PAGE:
“As a student at CSU in the 1970s, I had no intention of getting into the energy business,” said Smith. “I knew nothing about oil and gas, and I thought that oil gushed out of the ground like I saw in the movies.”
He had become a successful real estate salesman, but knew he wanted a change. However, it wasn’t until Smith invested in his first oil well that he fell in love with the business.
“The well turned out to be extremely successful and it launched me into one of the greatest industries that anyone could spend a career in.”
When he first moved to Colorado from New York, Smith thought that the pumping jacks dotting the high plains were water wells until a CSU geology student explained the units were drawing oil from one of the largest fields in Colorado, the Spindle Field.
Undaunted by the unfamiliar, and fueled by his insatiable appetite for knowledge and a fierce work ethic, Smith began to seek out mentors who could help him understand the industry.
“I put in hours learning the business and read everything I could,” said Smith. “Everything I could get my hands on.”
“I literally learned the oil business by going out and watching wells get drilled, and in the oil business nothing happens during the day.”
Responding to phone calls in the middle of the night, Smith would slip his boots on and drive along dark and dusty roads to visit active oil sites, discovering how data was collected and observing the operations.
A new company, a new direction
In 1981, Smith founded Basin Exploration to focus on drilling the new and emerging codell/niaera drilling play along the front range of Colorado. During a significant growth phase focused on drilling and acquisitions, the Spindle Field caught his eye.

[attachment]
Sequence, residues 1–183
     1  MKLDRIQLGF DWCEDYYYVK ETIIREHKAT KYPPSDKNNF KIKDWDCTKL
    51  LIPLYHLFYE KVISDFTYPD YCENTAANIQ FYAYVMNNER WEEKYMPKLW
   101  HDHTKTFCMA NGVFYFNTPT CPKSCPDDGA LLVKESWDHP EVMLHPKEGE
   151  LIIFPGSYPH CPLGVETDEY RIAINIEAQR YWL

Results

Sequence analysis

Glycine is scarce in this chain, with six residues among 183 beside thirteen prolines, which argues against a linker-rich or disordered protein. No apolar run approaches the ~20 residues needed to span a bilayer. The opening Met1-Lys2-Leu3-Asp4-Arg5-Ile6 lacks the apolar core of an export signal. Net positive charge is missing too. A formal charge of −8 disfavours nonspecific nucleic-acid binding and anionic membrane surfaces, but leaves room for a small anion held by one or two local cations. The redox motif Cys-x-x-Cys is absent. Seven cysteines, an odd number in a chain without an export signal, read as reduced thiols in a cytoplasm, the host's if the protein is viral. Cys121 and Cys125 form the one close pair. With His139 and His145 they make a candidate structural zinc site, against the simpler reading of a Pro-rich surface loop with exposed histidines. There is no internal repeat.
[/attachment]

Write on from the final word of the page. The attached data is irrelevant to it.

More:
“Ironically, I bought the whole field, all thousand plus wells that I once thought were water wells,” said Smith.
But by the mid-90s, things began to shift. Small independent companies were having success in the shallow waters of the Gulf of Mexico using 3D seismic data analysis that could now be processed at workstations by smaller independents. Previously, the technology required super computers that were only available to the majors and very large independents.
So Smith made the difficult decision to move his company from the Front Range to the Gulf of Mexico, completely revamping the management of his company and bringing on expert geoscientists.
The success Basin Exploration found in the Gulf boosted the value of the company from around $50 million to a sale value of $410 million just five years later.
Fast forward to present day and Smith is now the chairman and CEO of Freeport LNG, a liquefied natural gas company he founded in 2002.
Although decades had passed between the start of both companies, one thing stayed the same: change.
“How you respond to change will affect every one of you,” said Smith, addressing students during the scholarship luncheon.
In 2005, when Freeport LNG started construction on its $1 billion import terminal, demand for foreign gas was forecast to grow, but then a technological breakthrough changed everything.
The rapid expansion of horizontal drilling coupled with multi-stage fracturing brought a glut of new fuel to the U.S. market.
So Smith made a decision: “We switched.”
The company then began work on a $13 billion export facility to move the gas to foreign markets with great demand.
“I am not saying that change isn’t scary – it is – but each time I confronted it and pushed forward I was better for it.”